Zanzibar’s South East Coast
This area of coastline remained the most undeveloped until recently, and some areas still retain a wild sensation, which increases the further south you go. The main road leads to Paje village, about half-way along this stretch of coast, and then turns north to newly built, larger, smarter hotels such as Breezes, the Italian Venta Club Resort, Sultan’s Palace and Karafuu, and south to small, rural villages and clusters of charismatic budget guest houses arrayed along the distant beaches here.
The route to the South East Coast from Stone Town passes through a long avenue of mango trees, now wonderfully mature and providing shady respite along the road, which at this point is straight and narrow, designed for carriages in the days of the Sultans. This avenue of trees was planted by one of Sultan Said’s most beautiful daughters, Princess BiKhole, and has developed a number of rumours about its conception. One tells how she had such an unquenchable desire for beautiful young men that she ensured that each tree was planted by a different desirable slave… It is said that she intended to extend the avenue the full distance to Stone Town, but either ran out of time, mangoes or men. What is true is that no two mango trees standing side by side are the same species, so creating a fantastic spread of colour and fruit through most months of the year.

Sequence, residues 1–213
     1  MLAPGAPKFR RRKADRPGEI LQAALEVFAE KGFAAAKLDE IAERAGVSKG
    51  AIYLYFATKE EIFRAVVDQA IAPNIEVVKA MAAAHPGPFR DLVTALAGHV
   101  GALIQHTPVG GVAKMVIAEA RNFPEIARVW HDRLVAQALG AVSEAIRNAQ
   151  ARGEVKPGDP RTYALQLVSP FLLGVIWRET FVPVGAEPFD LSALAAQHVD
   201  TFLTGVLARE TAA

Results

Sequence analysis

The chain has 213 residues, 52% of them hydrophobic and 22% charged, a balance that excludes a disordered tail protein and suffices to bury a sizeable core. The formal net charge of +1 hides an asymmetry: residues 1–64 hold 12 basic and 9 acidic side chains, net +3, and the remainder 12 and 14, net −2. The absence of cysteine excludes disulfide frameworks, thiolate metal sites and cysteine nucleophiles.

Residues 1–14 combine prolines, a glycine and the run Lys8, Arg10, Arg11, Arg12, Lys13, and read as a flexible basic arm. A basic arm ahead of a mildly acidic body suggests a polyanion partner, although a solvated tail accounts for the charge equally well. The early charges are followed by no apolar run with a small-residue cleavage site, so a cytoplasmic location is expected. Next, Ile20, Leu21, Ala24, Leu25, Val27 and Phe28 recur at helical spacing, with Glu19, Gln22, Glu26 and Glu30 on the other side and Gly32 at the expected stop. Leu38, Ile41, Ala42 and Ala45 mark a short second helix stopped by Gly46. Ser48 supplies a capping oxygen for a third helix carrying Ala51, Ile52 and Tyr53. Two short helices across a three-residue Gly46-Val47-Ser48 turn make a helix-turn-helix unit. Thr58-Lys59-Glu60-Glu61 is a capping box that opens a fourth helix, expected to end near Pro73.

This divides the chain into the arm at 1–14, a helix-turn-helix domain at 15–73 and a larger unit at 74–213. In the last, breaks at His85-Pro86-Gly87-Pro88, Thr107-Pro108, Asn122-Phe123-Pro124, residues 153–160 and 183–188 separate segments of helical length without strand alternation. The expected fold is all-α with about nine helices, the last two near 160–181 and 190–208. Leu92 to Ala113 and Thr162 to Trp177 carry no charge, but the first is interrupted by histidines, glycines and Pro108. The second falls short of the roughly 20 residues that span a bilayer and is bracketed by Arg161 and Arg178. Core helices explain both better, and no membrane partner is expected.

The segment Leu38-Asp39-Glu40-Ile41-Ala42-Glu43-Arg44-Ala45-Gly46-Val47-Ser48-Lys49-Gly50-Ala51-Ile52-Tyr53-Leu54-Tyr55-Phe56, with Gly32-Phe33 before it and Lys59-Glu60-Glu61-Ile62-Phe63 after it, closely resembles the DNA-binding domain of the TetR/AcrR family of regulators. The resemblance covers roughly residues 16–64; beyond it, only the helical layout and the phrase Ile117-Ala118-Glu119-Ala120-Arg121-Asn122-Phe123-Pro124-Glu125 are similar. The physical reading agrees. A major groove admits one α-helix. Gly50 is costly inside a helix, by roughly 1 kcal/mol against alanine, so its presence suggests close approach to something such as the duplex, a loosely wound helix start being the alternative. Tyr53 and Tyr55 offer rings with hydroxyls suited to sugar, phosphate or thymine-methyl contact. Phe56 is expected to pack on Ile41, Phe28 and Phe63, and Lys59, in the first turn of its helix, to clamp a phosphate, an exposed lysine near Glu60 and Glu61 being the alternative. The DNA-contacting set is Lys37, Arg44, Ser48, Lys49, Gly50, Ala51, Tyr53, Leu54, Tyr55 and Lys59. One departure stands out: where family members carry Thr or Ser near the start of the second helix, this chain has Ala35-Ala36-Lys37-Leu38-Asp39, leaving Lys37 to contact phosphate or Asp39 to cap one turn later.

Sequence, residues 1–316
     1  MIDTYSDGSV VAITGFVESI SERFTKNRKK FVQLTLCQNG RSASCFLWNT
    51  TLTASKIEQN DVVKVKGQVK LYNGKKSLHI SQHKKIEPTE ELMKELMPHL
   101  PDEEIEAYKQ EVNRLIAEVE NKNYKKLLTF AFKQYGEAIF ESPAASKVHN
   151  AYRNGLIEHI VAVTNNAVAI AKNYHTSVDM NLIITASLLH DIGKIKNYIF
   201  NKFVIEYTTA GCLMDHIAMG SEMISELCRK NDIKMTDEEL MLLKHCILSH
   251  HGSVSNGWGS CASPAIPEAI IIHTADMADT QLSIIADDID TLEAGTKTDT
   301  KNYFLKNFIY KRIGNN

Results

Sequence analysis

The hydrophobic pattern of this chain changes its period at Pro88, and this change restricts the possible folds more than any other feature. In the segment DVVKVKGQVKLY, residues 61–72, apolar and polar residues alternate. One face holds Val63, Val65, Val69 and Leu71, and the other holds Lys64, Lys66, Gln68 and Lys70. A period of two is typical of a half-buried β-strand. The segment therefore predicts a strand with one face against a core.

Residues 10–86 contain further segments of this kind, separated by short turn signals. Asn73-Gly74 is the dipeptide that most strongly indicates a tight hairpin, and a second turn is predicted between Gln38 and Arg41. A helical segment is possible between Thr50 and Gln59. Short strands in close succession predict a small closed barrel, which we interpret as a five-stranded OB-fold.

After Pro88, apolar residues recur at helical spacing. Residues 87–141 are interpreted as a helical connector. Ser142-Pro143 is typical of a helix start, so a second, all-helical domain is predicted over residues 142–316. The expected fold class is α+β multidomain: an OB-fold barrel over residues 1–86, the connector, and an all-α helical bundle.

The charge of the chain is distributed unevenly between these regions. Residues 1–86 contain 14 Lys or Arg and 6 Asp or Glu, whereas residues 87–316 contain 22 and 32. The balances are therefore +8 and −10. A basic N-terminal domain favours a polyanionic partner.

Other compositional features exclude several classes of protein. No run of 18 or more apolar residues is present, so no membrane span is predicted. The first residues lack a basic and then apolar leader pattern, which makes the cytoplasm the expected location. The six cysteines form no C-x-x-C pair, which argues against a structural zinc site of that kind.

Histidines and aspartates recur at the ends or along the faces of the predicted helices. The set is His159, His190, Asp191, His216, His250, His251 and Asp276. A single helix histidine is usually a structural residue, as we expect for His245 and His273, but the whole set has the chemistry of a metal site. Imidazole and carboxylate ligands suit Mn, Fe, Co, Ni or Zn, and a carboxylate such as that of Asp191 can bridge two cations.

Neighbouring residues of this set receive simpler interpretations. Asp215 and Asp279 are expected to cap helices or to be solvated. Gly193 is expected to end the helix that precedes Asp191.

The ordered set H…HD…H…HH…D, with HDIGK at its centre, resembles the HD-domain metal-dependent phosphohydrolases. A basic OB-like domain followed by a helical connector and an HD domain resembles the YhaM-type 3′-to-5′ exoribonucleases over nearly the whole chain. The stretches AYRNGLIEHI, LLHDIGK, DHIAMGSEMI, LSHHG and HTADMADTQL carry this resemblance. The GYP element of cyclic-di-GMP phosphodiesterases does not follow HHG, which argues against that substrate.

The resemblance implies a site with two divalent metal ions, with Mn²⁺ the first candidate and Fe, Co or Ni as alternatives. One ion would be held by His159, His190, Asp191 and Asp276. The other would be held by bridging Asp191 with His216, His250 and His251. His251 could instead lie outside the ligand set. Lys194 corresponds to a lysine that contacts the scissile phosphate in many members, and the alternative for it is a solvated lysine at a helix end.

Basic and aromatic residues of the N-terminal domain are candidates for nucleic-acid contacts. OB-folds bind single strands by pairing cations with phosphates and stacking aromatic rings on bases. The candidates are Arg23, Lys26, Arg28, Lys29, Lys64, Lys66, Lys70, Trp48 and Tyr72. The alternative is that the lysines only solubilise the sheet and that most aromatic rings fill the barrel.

Further along, are the ruins of Dunga Palace, the old home of the Swahili Great Lord, the ‘Gazetted Monument of the Mwinyi Mkuu’. It remains in good enough condition to be an evocative and worthwhile stopping point; walking among his ancient stone thrones and water features is enough to convince visitors that he enjoyed an impressively opulent dotage. The Mwinyi Mkuu sytstem of rule started in Zanzibar in the 13th century, and continued unhindered until the coming of the Omani Arabs. A shadow of doubt still remains over the questions of their origins, although it is thought that the first Mwinyi Mkuu was Hassan Bin Abubakar, who was then followed by successors. The most powerful and famous of these great lords was Ahmed bin Mohammed, who lived between the years of 1785 and 1865, and it was he who was responsible for building this great palace. Construction of the palace took ten years, mainly between the years of 1845 and 1856. It is said of the Mwinyi Mkuu that ‘his rule was felt in every part of Unguja’, although some areas of the island, such as Tumbatu, had their own subordinate rule. The domain of the Mwinyi Mkuu was distinctly compromised by the advent of the Omani Sultans, and by the reign of Sultan Barghash the traditional Great Lord of Zanzibar stature was reduced essentially to that of a village governor, although in his hey-day he was greatly respected and revered. Relics of these greater days remain in the ruins of this palace, and an impressively hand-painted porcelain bowl that may be of oriental origin is among the few items from this time gathered in the national museum.